The board also decided to keep Photography Editor Jake Brown ’04, who chose to spend the weekend in the wilderness as opposed to with The Sun. Brown may start a new legacy of Sun editors running to the wilds instead of coming to work. Another New Yorker, Brown shares the board’s vision to improve the look and feel of The Sun’s photo department. Although he has earned himself a nickname that only the producers of the Bikini Bandits would be proud to use, Brown plans to use his power for good, not evil.
This goal is shared by the editor in chief of Red Letter Daze, Nate Brown ’04, who thinks that arts & entertainment editors have been shafted in the past. The board however dismissed his pleas to have the position of Daze raised, noting that being lower on the mast is a small price to pay for free CDs and interviews with celebrities. Before joining The Sun, Brown also planned to run cross country, “but then I realized I was short and fat,” he said. He also enjoys standing on tables and desks.
Circulation Manager Evelyn Rodriguez ’04 doesn’t need to stand on a platform to get her point across. She also plans to focus on bringing in more advertisers and giving a greater voice to the circulators. An Applied Economics and Management major and resident of the Bronx, Rodriguez also enjoys playing handball and the many crows that circle around the five boroughs.
New Yorker Rachel Einschlag ’04, news editor, is a communications major who also dabbles in oceanography and physics. Einschlag and President Hunter R. Rawlings III share a common interest in geology and earth sciences. At her last meeting with the president, Einschlag was only too happy to share her knowledge with the Big Guy about rocks and minerals. Einschlag hopes to move up the news deadline to 9 p.m.
Einschlag’s partner in crime, News Editor Carlos Perkins ’04, single handedly managed the second highest beat at The Sun one semester out of training. Another former-resident of the Bronx and a human development major, Perkins has worked to improve communication between the news and photo sections. His secret energy booster? Twinkies.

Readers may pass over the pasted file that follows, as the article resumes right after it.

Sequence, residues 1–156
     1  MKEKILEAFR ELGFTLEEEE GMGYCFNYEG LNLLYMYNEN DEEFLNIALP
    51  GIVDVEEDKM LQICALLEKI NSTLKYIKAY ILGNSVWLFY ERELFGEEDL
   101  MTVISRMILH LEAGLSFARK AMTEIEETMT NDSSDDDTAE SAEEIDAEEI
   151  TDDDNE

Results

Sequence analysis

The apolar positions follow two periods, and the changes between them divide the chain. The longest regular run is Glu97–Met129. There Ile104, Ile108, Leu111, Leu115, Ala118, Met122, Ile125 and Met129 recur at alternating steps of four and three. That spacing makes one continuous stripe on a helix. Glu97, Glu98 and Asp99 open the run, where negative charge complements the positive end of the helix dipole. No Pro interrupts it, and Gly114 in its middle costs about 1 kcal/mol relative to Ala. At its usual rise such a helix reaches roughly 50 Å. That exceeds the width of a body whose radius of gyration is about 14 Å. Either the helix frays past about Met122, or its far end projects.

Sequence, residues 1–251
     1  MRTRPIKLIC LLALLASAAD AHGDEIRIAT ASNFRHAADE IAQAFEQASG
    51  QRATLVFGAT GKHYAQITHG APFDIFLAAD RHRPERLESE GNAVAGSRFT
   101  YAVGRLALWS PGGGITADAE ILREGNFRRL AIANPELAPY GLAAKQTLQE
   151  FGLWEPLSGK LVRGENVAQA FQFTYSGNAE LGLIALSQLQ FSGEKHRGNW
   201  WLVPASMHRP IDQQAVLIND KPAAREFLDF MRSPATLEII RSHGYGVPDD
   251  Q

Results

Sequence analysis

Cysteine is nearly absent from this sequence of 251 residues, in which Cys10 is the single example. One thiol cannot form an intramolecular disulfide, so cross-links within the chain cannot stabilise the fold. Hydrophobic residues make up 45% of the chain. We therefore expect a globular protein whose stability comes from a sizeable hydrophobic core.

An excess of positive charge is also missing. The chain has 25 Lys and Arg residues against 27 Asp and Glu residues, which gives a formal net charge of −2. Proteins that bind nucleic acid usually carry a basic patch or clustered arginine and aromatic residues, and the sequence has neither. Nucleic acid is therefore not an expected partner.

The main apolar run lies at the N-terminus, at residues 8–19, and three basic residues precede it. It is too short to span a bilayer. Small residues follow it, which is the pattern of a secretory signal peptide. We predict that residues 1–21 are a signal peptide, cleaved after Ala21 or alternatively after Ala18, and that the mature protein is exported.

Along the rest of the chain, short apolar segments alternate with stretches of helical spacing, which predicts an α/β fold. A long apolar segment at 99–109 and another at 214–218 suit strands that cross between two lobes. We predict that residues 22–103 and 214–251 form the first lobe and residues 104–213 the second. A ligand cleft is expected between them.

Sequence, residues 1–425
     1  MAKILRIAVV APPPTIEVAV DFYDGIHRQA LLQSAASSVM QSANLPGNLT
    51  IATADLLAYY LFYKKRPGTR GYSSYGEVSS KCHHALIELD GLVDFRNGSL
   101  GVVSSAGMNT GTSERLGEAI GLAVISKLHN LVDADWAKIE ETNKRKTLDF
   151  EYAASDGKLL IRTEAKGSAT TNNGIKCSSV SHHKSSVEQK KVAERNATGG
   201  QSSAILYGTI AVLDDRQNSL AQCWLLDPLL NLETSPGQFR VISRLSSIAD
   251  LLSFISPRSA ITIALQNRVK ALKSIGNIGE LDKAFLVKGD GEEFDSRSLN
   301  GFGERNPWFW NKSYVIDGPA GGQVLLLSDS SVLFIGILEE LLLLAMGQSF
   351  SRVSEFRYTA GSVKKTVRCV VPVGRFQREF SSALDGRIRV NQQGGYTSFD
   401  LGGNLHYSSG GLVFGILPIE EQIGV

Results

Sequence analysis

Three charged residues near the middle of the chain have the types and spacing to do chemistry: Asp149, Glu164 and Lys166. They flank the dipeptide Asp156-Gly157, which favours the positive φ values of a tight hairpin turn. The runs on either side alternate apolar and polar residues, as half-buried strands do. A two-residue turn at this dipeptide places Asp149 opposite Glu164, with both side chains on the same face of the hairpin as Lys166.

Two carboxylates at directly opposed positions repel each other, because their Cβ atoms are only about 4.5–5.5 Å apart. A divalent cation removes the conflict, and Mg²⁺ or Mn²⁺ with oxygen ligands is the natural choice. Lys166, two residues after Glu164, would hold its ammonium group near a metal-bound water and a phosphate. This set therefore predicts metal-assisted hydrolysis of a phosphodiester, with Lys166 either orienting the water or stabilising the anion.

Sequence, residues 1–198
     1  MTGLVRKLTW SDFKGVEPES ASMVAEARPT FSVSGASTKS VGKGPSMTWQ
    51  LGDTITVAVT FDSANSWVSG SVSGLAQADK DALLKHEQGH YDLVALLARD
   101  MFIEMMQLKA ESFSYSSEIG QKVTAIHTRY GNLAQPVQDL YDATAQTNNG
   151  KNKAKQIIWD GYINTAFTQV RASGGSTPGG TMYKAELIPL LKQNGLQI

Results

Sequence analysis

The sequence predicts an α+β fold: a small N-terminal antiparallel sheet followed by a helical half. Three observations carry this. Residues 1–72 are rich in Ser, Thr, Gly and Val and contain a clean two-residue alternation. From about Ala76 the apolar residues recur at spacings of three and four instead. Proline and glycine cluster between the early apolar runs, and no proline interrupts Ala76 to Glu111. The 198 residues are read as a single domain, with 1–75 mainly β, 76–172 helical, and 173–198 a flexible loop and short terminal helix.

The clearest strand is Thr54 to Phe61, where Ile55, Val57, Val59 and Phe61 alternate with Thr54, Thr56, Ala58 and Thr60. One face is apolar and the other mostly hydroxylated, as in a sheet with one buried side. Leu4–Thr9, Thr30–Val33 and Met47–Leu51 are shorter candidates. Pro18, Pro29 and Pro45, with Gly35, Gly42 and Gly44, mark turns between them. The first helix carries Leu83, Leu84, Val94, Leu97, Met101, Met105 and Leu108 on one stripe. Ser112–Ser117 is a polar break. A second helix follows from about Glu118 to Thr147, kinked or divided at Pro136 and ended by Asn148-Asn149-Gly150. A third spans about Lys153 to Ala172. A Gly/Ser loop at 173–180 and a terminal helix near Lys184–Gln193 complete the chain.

Completing the section, News Editor Kelly Samuels ’04 is taking over her predecessor’s role as possibly the quietest person on The Sun. However, she is not nearly as bossy. Even after a stint on the S.A. beat, the Wilmington, Del., resident still does not have a mean word to say about anyone she’s met.
Alex Fineman ’03, assistant sports editor, plans to integrate as much over-played gangsta rap into the newsroom as possible. He’s off to a kickin’ start, alternating between “Doggystyle” and “The Chronic” for eight hours yesterday. Fineman’s other favorite rappers include Jay-Z and Biggie Smalls. “I like Biggie even though he’s dead. I’m getting into him very posthumously,” Fineman said.
Alex Ip ’04, also assistant sports editor, helps round out the well-dressed assistant sports trio. A double major in government and economics, Ip enjoys playing video games when he’s not studying. Known as the muscle of the sports of the department, Ip plans to push up the section’s finish times by at least three hours.
The last member of the Trifecta, Assistant Sports Editor Scott Jones ’04, was told by the board not to reveal his affiliations with The Sun when running into the CUPD on a Saturday night. However, Jones joins his fellow members in wanting to cover more news items relating to sports as well as foster more collaboration among the eight the Ivy League sports sections. Like his predecessor, Jones is majoring in Industrial and Labor Relations.
Daze Associate Editor Ben Kupstas ’04 was elected because of a wealth of knowledge about
music — although debate rages over whether this is actually the case. Proof may be in whether he can convince other members on the board to play CDs which don’t have parental advisories on their labels. And, yes, he’s from Wilkes-Barre, Pa., which the rest of the board passes while driving home on I-81.
Last but certainly not least, Shalini Saxena ’05 takes over as assistant advertising manager after training on both the news and business boards. Although she is undecided about her major, Saxena is certain she will enjoy working with the three other carefree Californians on the board.